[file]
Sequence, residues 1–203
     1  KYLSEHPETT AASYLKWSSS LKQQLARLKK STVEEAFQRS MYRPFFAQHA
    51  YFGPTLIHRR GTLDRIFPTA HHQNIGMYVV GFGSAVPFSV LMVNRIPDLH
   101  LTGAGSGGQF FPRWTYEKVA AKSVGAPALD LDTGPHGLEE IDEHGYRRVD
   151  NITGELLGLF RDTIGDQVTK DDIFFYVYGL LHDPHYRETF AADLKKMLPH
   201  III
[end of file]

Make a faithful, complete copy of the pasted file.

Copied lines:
Sequence, residues 1–203
     1  KYLSEHPETT AASYLKWSSS LKQQLARLKK STVEEAFQRS MYRPFFAQHA
    51  YFGPTLIHRR GTLDRIFPTA HHQNIGMYVV GFGSAVPFSV LMVNRIPDLH
   101  LTGAGSGGQF FPRWTYEKVA AKSVGAPALD LDTGPHGLEE IDEHGYRRVD
   151  NITGELLGLF RDTIGDQVTK DDIFFYVYGL LHDPHYRETF AADLKKMLPH
   201  III